has received about 5.5 million vaccines to date and has administered 4.3 million, leaving it with a distribution rate of just over 78%

Comparatively, North Dakota, which is ranked no. 1 of the U.S. states in vaccine distribution, has a nearly 89% distribution rate. The state’s population, however, is much smaller. North Dakota has received only 362,400 vaccine doses and has administered 321,693.

But neighboring New Jersey, which similar in population size and density, also has a higher distribution rate at nearly 87%. It has received 3.7 million vaccine doses and has administered 3.2 million.

Maggi Barton, deputy press secretary for the Pennsylvania Department of Health, said there have been challenges, but challenges the department sees as going away.

“When the vaccine was first received on Dec. 14, 2020, the biggest problem facing every vaccination effort – across the country – was the very limited supply of vaccine. Within three months of vaccine distribution, there are now three vaccine types that have received Emergency Use Authorizations by the federal government,increasing the manufactures’ capacity and availability to make and distribute vaccines,” she said.

Ready to get going

After months of virtual events and social distanced shows, Kassie Hilgert, president and CEO of ArtsQuest, which has two Bethlehem arts venues and organizes the nation’s largest outdoor art and music festival, Musikfest, said she’s eager to see the vaccine roll out pick up and is hopeful for a return to normal at ArtsQuest’s venues.

“The big hope is that we’re now moving towards opening versus closing down,” Hilgert said. “I wish we could have had that robustness of rollout in the beginning, but I’m looking ahead.”

Her biggest concern is wanting to know how long it’s going to take for enough people to be vaccinated in order to achieve the “herd immunity” needed to go back to full capacity and host large events.

Because that is unknown, it is hampering much of the planning for Musikfest, which is held at the start of August each year.

ArtsQuest does plan to have an event with more live, in-person attractions this year, but the size and scope of it still relies heavily on public safety, so most decisions and announcements on plans will have to wait until they know more about the success of the vaccinations.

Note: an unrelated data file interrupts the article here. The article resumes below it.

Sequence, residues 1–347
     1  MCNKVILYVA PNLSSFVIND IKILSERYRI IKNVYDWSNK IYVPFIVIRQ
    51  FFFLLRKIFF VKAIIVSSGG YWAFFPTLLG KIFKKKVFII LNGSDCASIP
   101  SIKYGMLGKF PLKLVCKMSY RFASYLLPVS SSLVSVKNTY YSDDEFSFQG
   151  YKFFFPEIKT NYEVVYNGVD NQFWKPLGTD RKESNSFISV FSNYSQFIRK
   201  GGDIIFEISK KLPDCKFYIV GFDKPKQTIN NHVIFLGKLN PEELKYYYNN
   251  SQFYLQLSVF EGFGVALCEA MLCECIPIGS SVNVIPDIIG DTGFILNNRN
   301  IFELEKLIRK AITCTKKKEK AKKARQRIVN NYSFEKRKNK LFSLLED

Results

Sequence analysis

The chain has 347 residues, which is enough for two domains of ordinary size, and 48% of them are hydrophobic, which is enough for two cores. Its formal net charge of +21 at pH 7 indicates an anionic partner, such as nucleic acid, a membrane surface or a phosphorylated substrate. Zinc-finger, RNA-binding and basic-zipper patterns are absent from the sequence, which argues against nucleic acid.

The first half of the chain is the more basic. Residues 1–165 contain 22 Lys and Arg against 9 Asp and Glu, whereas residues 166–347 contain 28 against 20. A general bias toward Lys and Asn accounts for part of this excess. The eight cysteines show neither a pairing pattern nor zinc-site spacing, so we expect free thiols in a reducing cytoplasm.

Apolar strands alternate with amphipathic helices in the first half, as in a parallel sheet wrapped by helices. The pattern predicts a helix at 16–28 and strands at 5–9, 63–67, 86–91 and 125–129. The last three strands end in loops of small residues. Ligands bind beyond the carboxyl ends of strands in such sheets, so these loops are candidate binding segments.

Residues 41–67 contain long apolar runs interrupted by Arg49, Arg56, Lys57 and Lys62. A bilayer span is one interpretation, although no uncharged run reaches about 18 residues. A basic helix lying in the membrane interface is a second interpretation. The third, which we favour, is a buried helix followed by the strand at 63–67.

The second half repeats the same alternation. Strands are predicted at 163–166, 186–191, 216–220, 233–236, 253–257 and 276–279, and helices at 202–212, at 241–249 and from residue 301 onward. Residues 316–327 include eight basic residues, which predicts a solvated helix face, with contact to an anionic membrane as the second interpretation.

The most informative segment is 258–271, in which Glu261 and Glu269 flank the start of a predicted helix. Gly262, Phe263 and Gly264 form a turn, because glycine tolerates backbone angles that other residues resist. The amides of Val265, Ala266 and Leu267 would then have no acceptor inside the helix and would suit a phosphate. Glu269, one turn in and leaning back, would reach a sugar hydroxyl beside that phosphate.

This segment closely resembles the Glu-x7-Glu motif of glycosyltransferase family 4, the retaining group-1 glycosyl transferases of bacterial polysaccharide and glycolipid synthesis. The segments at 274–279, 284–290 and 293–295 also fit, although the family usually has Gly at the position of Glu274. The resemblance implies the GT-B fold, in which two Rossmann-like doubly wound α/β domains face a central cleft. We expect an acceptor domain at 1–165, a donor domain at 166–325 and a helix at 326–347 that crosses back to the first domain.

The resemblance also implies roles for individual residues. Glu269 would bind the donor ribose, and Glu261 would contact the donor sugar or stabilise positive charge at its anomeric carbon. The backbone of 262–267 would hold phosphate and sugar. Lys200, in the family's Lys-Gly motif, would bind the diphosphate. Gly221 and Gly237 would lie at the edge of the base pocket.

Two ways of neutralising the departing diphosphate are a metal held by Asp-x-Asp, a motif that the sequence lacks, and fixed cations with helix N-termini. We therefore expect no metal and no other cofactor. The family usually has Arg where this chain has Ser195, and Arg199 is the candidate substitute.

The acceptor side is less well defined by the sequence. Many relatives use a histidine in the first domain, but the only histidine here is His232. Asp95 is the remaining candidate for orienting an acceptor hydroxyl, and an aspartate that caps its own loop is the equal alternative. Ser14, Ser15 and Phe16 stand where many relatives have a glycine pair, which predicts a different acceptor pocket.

As for who is getting the vaccines, St. Luke’s Sprissler said hospitals are following the state Health Department’s mandate to vaccinate the most vulnerable members of the population first, but she said the public should hear soon about when vaccines will be made available for those categorized as groups 1b and 1c within a few weeks.

Barton said the state health department is aware of President Joe Biden’s call to have vaccines available to all by May.

“The Governor, and the Legislative Vaccine Task Force, announced targeted strategies to ensure Pennsylvania will meet President Biden’s bold goal of making every American adult eligible to receive a vaccine by May 1,” she said.

That’s good news said Waylen.

“We support getting our businesses open as soon as possible,” she said.

Writer Stacy Wescoe has her finger on the pulse of the business community in the Greater Lehigh Valley and keeps you up-to-date with technology and trends, plus what coworkers and competitors are talking about around the water cooler — and on social media. She can be reached at [email protected] or 610-807-9619, ext. 4104. Follow her on Twitter and on Facebook.